The pitfall with that last elite group is heart. Detached people sometimes detach all the way. If you find yourself hanging by your fingers over a cliff, a 100% detached person may not be your best possible companion! It's rarest of all to find someone detached from drama and instinct - who rises above the petty yadda yadda - yet retains empathy and compassion. The sad truth is that such people often still seem cold, because they're not compelled to externally signify their caring (a compulsion which stems from vanity and neediness).

The most caring among us may strike us as aloof. This is the predicament which gives rise to the cliche of the curmudgeon/hermit/misfit who turns out to have "a heart of gold". In truth, they pretty much all do.


Wednesday, January 13, 2016

The Canard of Tragic Presidential Aging

The presidency doesn't age people. Age ages people.

In 2011, I wrote about how it was the hippest time in history to be 48. Being the same age (give or take a year or so) as Jon Stewart, Stephen Colbert, and Obama, all of whom (whatever you think of their politics) seemed like cool dudes, felt like gravity defied.

But a mere four years later, we were all around 52, and Jon Stewart was saying that people frequently come up to him to ask "if he's okay," Colbert began using an awful lot of makeup, and I reported that I look like I have one foot in the grave.

But people naturally pay a lot more attention to the president:


This is simply what happens in your early 50s. Though you feel exactly the same, there's a bizarrely rapid plunge in outward appearance. It strikes others as meaningful; they attribute it to your cumulative pressures and defeats. And, non-coincidentally, that's what we say about presidents. That poor man! Look at how the burdens weigh upon him!

The saving grace is that we ourselves can go on feeling like the same people, because we, blessedly, don't need to look at ourselves! As I wrote at that last link:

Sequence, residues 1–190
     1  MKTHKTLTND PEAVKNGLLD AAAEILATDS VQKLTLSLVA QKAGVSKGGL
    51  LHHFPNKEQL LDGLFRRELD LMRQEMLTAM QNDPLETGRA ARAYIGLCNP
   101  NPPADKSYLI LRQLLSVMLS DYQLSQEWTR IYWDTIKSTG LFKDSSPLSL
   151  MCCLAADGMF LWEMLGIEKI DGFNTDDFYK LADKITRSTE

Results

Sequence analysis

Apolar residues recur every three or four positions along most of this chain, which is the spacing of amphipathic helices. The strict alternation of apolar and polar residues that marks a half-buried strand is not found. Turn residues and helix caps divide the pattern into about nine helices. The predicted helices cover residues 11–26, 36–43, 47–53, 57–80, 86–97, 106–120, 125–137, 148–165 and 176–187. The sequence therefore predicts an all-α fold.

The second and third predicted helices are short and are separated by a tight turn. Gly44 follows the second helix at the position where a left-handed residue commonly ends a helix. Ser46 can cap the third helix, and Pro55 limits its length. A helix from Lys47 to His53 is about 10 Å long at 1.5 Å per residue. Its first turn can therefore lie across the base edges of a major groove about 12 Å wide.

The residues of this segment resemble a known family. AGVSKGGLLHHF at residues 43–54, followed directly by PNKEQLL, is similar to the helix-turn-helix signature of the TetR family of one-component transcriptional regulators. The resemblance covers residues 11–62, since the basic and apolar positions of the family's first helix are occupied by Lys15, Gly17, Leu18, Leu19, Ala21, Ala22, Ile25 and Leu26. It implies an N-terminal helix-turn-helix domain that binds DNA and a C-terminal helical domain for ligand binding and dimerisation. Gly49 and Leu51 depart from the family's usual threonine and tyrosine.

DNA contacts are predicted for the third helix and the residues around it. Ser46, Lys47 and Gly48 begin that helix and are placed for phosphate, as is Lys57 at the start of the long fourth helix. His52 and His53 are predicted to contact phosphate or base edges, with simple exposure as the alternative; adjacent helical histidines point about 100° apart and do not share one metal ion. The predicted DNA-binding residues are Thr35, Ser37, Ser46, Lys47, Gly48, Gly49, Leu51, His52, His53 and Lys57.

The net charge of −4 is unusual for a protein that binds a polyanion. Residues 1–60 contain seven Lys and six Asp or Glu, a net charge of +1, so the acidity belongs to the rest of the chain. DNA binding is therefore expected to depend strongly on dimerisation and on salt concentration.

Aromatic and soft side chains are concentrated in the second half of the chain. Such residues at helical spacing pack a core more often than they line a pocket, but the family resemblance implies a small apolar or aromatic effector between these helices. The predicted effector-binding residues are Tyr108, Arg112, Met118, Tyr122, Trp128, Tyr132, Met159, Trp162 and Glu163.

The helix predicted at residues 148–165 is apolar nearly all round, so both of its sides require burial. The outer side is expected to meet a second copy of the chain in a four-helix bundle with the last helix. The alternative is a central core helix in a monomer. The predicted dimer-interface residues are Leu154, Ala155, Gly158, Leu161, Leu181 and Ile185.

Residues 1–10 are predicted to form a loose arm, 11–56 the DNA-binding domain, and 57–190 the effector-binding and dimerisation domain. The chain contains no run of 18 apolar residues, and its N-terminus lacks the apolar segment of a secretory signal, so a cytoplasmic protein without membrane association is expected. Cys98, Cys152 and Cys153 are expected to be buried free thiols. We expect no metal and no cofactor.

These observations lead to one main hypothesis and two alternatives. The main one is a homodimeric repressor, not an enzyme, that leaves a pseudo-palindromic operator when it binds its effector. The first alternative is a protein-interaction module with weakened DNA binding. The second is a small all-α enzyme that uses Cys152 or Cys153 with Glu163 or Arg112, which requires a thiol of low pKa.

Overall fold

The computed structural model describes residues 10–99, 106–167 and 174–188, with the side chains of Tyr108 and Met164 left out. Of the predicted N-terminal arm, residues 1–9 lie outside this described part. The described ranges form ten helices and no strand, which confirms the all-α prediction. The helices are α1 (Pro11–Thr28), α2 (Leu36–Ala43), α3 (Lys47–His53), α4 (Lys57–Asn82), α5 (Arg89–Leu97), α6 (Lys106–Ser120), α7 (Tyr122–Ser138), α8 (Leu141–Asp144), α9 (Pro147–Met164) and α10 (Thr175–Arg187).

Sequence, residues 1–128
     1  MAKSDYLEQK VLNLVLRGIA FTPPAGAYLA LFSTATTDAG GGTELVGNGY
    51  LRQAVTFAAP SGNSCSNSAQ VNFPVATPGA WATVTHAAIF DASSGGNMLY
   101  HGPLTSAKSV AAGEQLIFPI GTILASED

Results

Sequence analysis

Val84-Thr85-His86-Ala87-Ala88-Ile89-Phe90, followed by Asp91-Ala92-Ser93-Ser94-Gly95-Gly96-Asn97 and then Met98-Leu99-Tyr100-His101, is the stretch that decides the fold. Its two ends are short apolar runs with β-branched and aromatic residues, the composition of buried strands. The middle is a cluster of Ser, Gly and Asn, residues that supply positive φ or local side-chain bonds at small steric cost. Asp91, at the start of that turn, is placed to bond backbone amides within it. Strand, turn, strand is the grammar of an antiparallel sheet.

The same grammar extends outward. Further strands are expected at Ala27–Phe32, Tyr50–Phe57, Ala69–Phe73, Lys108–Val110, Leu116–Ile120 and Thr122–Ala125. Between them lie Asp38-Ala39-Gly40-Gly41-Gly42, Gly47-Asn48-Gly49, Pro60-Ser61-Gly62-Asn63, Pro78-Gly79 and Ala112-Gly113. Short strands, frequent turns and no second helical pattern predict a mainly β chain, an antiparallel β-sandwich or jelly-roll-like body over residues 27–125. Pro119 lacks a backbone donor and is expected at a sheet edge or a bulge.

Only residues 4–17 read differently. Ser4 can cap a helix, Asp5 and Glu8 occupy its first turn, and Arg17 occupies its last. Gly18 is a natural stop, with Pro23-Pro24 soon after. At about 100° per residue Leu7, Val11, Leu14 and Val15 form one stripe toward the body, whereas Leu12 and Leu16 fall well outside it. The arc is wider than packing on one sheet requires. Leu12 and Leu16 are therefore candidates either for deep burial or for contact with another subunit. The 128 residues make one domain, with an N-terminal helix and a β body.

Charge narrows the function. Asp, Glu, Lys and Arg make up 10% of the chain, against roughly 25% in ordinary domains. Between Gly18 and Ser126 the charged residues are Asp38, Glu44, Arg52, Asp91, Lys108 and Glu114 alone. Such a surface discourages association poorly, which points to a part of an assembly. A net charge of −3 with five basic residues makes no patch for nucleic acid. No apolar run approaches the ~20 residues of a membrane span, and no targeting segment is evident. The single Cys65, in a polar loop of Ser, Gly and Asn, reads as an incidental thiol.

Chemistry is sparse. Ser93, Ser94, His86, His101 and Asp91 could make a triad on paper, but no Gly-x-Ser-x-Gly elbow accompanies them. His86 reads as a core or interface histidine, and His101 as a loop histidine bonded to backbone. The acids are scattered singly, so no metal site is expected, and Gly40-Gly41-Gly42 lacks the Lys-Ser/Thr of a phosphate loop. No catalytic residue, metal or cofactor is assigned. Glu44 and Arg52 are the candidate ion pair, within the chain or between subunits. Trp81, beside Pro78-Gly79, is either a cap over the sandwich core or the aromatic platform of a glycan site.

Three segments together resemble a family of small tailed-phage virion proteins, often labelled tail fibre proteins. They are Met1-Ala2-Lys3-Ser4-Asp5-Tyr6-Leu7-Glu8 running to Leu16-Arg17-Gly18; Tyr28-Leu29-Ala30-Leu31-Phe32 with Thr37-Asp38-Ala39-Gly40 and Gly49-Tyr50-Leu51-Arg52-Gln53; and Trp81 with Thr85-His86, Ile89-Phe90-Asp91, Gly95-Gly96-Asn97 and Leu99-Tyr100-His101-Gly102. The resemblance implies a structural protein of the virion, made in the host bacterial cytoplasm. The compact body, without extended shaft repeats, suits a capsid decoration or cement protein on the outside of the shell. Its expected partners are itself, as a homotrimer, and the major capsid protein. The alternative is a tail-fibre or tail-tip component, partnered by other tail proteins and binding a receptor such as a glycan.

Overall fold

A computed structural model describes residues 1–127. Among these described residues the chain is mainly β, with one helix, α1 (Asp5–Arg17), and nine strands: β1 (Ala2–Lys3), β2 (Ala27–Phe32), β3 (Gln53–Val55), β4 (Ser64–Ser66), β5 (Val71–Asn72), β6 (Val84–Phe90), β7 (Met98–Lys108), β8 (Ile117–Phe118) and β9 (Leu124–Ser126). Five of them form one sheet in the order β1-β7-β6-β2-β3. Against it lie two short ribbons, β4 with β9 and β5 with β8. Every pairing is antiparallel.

Aging isn't tough; the hard part is people having more and more trouble seeing who I actually am. But I can't blame them. Appearances, after all, are the main thing they have to go on. If I had to look at me all the time (instead of existing obliviously nestled behind my own eyeballs), I'd surely have the same impression!

I'll save you the trouble of googling presidential ages.

How To Tell if Somebody Is Capable of Actually Doing Something

In my last posting Don't Take it Personally That Nobody Ever Does Anything, I explained why people who join teams and commit to projects most often wind up doing absolutely nothing. It's a serious problem for managers and recruiters of every stripe. Workers capable of follow-through - of actually producing - look a lot like everyone else. So how can you recognize them?

Don't do what I did; don't shower time and attention on every bright prospect who professes interest. Instead, send them a long email. Very few people will read a long email. Most will never even reply. And most of those who do will not have carefully read it. So embed some simple instruction within that long email, and see whether they follow it.

If so, you've found someone with merely a 50% or so chance of turning out to have been entirely yanking your chain. There's not a gold mine in the world capable of winnowing so effectively!